Dallas’s Nasher Sculpture Center announced today that the Colombian sculptor Doris Salcedo has won the Texas museum’s first Nasher Prize. She will now receive $100,000 and an award designed by Renzo Piano at a gala held in April.
Salcedo, whose Guggenheim retrospective is nearing the end of its run, is best known for her lyrical sculptures about trauma, memory, and violence. Using surreal combinations of furniture and clothing, and often relying on the architecture of her exhibition spaces for full effect, Salcedo creates metaphors for the terror of her country’s history without any obvious political references.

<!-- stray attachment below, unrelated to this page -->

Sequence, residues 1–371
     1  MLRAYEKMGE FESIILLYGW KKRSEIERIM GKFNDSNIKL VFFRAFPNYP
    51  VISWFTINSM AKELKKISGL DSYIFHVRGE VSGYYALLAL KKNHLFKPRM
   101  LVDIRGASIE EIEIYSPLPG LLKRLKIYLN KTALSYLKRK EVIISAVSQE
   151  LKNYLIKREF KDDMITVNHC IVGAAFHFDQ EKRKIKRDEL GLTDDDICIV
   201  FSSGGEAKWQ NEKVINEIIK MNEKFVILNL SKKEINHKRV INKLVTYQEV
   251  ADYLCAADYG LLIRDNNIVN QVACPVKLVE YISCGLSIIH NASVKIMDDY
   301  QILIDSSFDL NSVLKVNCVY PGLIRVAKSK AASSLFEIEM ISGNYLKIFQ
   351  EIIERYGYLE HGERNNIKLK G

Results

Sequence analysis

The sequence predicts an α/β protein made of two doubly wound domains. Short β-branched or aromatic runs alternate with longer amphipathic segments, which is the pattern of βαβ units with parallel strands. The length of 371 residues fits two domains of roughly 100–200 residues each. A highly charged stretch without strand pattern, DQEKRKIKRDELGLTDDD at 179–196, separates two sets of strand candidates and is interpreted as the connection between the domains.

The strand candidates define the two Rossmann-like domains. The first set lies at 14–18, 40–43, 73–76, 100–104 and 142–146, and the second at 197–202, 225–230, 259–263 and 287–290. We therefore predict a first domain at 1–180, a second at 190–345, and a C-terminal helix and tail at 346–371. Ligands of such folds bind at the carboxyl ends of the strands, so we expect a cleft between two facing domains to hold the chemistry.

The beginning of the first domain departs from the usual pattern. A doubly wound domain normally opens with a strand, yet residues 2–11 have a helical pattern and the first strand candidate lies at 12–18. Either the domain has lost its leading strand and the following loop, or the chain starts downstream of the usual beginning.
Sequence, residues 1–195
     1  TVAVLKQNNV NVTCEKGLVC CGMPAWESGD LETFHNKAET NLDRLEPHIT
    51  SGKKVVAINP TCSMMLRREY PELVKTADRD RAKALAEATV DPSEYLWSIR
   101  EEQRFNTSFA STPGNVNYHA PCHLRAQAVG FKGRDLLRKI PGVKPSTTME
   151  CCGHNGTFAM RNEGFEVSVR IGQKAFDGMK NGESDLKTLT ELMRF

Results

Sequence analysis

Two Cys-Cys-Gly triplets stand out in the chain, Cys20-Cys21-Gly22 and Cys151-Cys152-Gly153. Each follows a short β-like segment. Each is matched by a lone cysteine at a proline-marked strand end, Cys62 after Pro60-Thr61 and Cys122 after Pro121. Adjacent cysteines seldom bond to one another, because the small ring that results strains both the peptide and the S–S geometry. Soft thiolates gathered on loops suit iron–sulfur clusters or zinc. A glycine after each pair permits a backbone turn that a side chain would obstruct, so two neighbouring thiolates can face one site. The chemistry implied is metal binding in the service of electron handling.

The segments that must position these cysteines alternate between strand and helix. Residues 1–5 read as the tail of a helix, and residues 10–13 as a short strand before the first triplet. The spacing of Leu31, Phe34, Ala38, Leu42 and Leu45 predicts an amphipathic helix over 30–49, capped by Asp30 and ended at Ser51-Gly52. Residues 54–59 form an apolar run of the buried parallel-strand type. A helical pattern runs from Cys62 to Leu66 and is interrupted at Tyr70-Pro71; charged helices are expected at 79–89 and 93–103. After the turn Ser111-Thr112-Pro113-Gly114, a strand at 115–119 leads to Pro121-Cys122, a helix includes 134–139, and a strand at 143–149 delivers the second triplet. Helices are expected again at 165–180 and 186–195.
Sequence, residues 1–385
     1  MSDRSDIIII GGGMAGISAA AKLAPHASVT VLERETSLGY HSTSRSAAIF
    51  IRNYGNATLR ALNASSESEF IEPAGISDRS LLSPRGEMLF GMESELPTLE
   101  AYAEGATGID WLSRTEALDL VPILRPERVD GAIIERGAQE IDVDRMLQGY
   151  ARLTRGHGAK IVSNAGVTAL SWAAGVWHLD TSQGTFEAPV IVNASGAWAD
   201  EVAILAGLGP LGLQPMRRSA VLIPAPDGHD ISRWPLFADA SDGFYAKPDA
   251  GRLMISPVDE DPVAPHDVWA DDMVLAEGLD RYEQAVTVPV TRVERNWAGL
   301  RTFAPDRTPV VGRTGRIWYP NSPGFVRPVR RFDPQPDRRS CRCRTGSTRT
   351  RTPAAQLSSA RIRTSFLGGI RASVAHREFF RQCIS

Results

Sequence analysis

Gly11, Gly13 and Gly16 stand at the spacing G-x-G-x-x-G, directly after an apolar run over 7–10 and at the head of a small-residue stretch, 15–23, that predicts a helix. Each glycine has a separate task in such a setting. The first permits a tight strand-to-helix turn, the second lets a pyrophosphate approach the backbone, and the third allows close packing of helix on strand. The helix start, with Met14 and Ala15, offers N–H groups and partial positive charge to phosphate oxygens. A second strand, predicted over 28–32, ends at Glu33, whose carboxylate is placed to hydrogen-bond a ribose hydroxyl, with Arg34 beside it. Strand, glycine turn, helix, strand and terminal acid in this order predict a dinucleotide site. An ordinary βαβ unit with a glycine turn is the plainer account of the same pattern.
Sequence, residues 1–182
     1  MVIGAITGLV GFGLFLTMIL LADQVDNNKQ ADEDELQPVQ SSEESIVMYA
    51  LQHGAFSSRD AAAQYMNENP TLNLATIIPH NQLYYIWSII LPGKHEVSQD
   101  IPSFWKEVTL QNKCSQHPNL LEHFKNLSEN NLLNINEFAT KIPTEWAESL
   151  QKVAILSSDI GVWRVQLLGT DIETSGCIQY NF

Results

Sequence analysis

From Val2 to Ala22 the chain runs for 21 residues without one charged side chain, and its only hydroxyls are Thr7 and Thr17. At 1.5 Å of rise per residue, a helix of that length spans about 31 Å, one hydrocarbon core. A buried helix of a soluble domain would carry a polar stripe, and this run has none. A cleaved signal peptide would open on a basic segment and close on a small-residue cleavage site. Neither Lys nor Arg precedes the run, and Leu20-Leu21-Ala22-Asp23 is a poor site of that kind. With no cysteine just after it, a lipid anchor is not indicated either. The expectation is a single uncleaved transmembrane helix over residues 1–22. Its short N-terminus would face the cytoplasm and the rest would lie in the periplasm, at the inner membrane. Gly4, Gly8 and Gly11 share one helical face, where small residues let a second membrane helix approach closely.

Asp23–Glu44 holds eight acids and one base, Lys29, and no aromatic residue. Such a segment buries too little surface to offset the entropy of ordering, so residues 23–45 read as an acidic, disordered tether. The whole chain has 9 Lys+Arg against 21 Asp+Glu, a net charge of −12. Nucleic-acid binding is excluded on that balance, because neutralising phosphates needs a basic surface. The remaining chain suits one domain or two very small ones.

Salcedo is the first artist to win the Nasher Prize, which will be given annually to a sculptor of note. She was chosen by an international jury that included Phyllida Barlow, Okwui Enwezor, and Sir Nicolas Serota for her “aesthetically striking and politically resonant” work, as the Nasher’s director, Jeremy Strick, said in a statement.
“We created the Nasher Prize in order to recognize an artist whose work has enriched our vision of what sculpture can be,” Strick said. “Our mission at the Nasher is to support the creation of new sculpture and to expand our understanding of what sculpture is, and Doris Salcedo continues to powerfully point the art form in ever-more provocative and insightful directions.”